This method includes exposing carbon dioxide to certain pressure and temperature conditions, resulting in a liquid that can penetrate the pores of microalgae to extract the essential chemicals.
Furthermore, microalgae may be used to effectively remediate wastewater, producing biomass with applications in agriculture and medicine.
“It turns out that wastewater can be treated with microalgae, which is very efficient and cost-effective. Wastewater treatment facilities emit a lot of CO2 because they need to pump air into the tanks, and the energy required for this operation is sometimes similar to what a city would require,” Parra explains.
While wastewater treatment plants employ air to neutralize certain microbes, research has shown that algae can do so without the need for extra aeration, making it an integral part of a more efficient and cost-effective system. This procedure produces non-hazardous biomass that may be used in agriculture as a very effective plant growth nutrient.
Roberto Parra also emphasizes algae’s potential as a source of important pigments like phycocyanin and phycoerythrin. In contrast to synthetic sunscreens that harm the environment, these pigments can be employed in the production of natural, biodegradable sunscreens that have no negative influence on marine ecology.
Furthermore, pigments found in microalgae, such as chlorophyll, may have photovoltaic qualities, allowing solar energy to be captured and converted into power.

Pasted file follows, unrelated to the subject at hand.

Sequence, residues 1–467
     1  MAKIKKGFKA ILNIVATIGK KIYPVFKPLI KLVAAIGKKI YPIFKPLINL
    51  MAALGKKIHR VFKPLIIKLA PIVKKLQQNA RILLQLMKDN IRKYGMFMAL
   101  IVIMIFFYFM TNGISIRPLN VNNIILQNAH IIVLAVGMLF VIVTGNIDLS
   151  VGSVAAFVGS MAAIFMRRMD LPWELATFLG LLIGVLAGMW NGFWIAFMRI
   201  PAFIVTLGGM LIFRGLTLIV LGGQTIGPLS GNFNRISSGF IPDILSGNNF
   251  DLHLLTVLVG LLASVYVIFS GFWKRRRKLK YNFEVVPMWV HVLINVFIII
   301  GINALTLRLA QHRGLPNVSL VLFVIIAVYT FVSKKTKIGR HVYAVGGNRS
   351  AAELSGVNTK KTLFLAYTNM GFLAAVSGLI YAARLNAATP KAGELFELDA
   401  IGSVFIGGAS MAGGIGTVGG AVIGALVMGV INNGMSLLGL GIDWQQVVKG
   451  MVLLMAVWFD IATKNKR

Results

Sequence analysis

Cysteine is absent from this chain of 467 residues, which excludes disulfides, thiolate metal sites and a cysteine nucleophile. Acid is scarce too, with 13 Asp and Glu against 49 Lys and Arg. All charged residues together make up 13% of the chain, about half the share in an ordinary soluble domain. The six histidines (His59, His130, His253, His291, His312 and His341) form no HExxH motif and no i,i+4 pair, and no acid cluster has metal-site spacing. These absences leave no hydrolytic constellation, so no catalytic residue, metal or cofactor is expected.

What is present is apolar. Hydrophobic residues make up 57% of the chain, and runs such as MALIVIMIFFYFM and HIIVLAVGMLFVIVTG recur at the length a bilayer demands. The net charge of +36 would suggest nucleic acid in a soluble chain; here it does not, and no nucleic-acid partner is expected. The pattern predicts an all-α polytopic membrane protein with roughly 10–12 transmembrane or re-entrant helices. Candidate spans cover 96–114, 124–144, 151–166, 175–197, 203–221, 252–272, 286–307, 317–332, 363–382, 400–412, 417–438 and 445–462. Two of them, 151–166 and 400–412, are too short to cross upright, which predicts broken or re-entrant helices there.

Parra and his colleagues have investigated extracting and using these pigments from microalgae in the production of dye-sensitized solar cells and other light-to-electricity conversion devices, making the process more efficient and cost-effective.
These chemicals have also been researched for their anti-inflammatory capabilities in the treatment of numerous inflammatory illnesses and ailments, as well as possible cancer therapies, according to Roberto.
During this time, academics from the University of Swansea in Wales, the INECOL Institute in Veracruz, and enterprises such as Membranology have joined the Tec’s research efforts.
Challenges of algae
The route toward a more widespread and common use of algae and microalgae is still littered with challenges to be solved.
One of these obstacles, according to researchers, is microalgae cultivation, because large-scale manufacturing of specific derivatives necessitates the development of reactor systems capable of satisfying this demand.
As Elda also points out, it is critical for the sargassum to remain fresh, which demands a particular logistics infrastructure for its collection in open waters rather than stranded deposits at beaches.
Another difficulty is that not everyone or every group has access to algae, and they must also adhere to specified standards imposed by government agencies such as the Secretary of the Navy (SEMAR for its intials in Spanish).
However, both experts highlight the necessity of utlizing algae and converting them into useful resources, emphasizing the critical role of collaboration across multiple sectors, including academics, research, governments, and business.
“One thing we need to do is address these significant challenges through research and collaboration with academics from around the world. We need to keep improving this, and we should see more items on the market shortly,” Parra concludes.